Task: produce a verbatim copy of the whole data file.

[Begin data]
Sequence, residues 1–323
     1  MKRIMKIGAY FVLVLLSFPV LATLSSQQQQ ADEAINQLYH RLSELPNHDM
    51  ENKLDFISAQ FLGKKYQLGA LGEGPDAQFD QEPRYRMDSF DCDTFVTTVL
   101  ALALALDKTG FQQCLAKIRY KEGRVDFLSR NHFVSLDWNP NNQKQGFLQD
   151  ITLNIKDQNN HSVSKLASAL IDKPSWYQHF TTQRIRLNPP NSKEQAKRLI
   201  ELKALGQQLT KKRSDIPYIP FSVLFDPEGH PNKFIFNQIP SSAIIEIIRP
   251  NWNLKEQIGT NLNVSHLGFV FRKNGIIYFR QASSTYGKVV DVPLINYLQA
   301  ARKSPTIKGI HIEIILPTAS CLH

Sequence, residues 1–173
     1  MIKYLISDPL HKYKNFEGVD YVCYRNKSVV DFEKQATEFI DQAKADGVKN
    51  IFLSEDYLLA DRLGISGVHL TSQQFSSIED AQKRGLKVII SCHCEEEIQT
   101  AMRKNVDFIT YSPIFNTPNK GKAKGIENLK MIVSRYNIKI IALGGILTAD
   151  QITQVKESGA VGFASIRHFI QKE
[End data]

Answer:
Sequence, residues 1–323
     1  MKRIMKIGAY FVLVLLSFPV LATLSSQQQQ ADEAINQLYH RLSELPNHDM
    51  ENKLDFISAQ FLGKKYQLGA LGEGPDAQFD QEPRYRMDSF DCDTFVTTVL
   101  ALALALDKTG FQQCLAKIRY KEGRVDFLSR NHFVSLDWNP NNQKQGFLQD
   151  ITLNIKDQNN HSVSKLASAL IDKPSWYQHF TTQRIRLNPP NSKEQAKRLI
   201  ELKALGQQLT KKRSDIPYIP FSVLFDPEGH PNKFIFNQIP SSAIIEIIRP
   251  NWNLKEQIGT NLNVSHLGFV FRKNGIIYFR QASSTYGKVV DVPLINYLQA
   301  ARKSPTIKGI HIEIILPTAS CLH

Sequence, residues 1–173
     1  MIKYLISDPL HKYKNFEGVD YVCYRNKSVV DFEKQATEFI DQAKADGVKN
    51  IFLSEDYLLA DRLGISGVHL TSQQFSSIED AQKRGLKVII SCHCEEEIQT
   101  AMRKNVDFIT YSPIFNTPNK GKAKGIENLK MIVSRYNIKI IALGGILTAD
   151  QITQVKESGA VGFASIRHFI QKE